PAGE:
Amy Goodman On Voter Turnout, Underreported Stories, and Independent Media | Link TV
Amy Goodman On Voter Turnout, Underreported Stories, and Independent Media
Journalist and "Democracy Now!" host Amy Goodman stopped by Link TV studios to discuss the significance of independent media and the roadblocks preventing many Americans from exercising their right to vote.
Why don't Americans vote in great numbers?
When I got the call to host Democracy Now, which was first a radio show, before we went on public television as well. I was in a safe house in Haiti and I was covering elections there, people who were running for office were being gunned down, people were afraid of being shot if they went to the polls, and yet the vast majority of Haitians voted.
In this country we face nothing like that adversity. Half the population doesn’t vote, or nearly half, at that time it was more than half, it is unacceptable in a democracy. Why is it that people don’t vote? That’s why I came back to the United States, to do the only daily election show in public broadcasting.
I never thought it was apathy. What were they doing on the ground in their communities? Did they feel there were obstacles in their way? Or they just didn’t feel there was a difference between the major party candidates?
And then you have the voter ID laws that are popping up all over the country. These are all meant to challenge certain sectors of our population. Poorer people, older people, people of color—they’re the ones who are most affected and we’re talking about the disenfranchisement of millions of people, not to mention the people who’ve somehow interacted with the criminal justice system.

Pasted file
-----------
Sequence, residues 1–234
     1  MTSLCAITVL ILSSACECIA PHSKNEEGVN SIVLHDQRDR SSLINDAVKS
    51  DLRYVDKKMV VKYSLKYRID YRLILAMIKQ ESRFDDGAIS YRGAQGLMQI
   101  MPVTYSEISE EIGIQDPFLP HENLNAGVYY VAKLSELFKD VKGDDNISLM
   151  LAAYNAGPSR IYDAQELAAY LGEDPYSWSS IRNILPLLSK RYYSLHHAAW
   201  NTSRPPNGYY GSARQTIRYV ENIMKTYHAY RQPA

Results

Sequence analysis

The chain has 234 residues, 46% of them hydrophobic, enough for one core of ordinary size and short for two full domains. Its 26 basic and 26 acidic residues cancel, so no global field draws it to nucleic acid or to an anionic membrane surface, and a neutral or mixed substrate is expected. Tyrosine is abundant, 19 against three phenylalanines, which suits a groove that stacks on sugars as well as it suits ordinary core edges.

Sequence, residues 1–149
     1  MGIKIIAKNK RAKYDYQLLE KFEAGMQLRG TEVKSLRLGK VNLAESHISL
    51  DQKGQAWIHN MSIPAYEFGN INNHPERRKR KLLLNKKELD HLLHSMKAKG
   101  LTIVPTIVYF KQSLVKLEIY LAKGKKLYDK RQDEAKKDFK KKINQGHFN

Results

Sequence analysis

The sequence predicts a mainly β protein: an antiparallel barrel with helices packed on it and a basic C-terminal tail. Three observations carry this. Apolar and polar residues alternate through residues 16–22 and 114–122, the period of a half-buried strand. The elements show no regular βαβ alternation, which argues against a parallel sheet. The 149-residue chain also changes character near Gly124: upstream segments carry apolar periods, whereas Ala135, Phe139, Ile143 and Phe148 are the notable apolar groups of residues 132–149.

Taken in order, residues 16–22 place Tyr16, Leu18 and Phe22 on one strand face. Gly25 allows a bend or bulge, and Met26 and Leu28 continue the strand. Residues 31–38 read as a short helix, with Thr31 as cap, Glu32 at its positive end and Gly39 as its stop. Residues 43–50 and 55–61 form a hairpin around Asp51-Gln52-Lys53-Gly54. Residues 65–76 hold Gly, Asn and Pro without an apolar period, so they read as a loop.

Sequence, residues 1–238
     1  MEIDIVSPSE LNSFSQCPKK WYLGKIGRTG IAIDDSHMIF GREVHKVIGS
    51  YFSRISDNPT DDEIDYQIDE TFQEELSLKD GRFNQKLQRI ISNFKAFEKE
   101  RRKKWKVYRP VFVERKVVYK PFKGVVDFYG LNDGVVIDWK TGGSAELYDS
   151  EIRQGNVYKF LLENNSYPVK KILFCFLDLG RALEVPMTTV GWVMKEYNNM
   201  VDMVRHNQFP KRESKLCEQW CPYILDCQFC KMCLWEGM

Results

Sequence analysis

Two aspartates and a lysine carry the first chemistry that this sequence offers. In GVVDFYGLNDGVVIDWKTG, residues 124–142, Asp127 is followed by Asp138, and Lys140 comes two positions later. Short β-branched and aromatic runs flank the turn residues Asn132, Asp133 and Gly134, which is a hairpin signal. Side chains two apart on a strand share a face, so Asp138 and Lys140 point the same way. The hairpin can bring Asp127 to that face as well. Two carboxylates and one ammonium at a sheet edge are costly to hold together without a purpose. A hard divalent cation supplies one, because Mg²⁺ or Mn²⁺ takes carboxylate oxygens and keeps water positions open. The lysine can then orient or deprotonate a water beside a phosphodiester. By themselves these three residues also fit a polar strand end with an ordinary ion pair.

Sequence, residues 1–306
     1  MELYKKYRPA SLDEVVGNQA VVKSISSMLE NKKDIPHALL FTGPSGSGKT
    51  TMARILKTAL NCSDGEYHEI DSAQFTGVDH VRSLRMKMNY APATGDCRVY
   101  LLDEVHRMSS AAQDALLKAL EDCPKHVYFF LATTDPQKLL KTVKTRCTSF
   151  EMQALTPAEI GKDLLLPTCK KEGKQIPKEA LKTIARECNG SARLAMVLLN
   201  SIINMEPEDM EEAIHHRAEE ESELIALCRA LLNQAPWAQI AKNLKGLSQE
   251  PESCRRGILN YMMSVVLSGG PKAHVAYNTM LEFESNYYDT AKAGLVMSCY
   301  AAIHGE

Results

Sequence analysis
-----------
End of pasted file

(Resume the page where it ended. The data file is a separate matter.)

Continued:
This affects millions of people. This all has to be challenged.
Media Could Be The Greatest Force For Peace
People don’t get to meet everyone in their lives, but in the media people get to meet people they wouldn’t normally meet.
You’re beginning to hear someone speak for themselves, someone you’ve never met before. There might be stereotypes and caricatures, but this conversation that you have with someone challenges those stereotypes because they’re as complex a human being, as anyone else is and I think it’s those stereotypes that fuel hate groups, that makes war more possible, because you can so easily "other" someone. They’re not anything like that, if you’re not anything like that person. If you don’t know who that person is, suddenly you find common ground. And that common ground, that understanding is the beginning of peace. I think the media can be the greatest force for peace on earth. Instead, all too often, it’s wielded as a weapon of war.
Going Where the Silence Is
Going to where the silence is, is our motto. Often covering movements or people who are under reported or not reported at all is not actually silent; it’s just silent to the rest of the world.
We have a special job, there is a reason why our profession— journalism—is the only one explicitly protected by the U.S. constitution. Because we’re supposed to be the check and balance on power. That’s when we are challenging those who have power.
So often though, they’re the only ones that grab the mics [and] get the media attention. And there is the vast majority of people, who don’t get that attention. I mean, I think that’s part of the success of “Democracy Now!”
I see the media as the oxygen of democracy and we have to expand the open and independent airways so that we get the full diversity of opinion.
Today, a cadre of local activists and artists in Watts are using storytelling and human relationships to promote change, justice, equality and communal values.
In such a controversial campaign as Proposition 187, art and politics inenvitably mix. During the 1990s a number of politicians (established and aspiring) helped shape the campaign, as artists on the ground informed the public and inspired them to act.
From performing with an ensemble to working at the Smithsonian to mentoring Watts youth (including a young Nipsey Hussle), WTAC's advocate has done it all and keeps fighting for her adopted neighborhood.
“We get it all the time — people come up to us and say, ‘We didn't know that Black people live in Santa Monica,” Carolyne Edwards said. “And there was a huge population there.”
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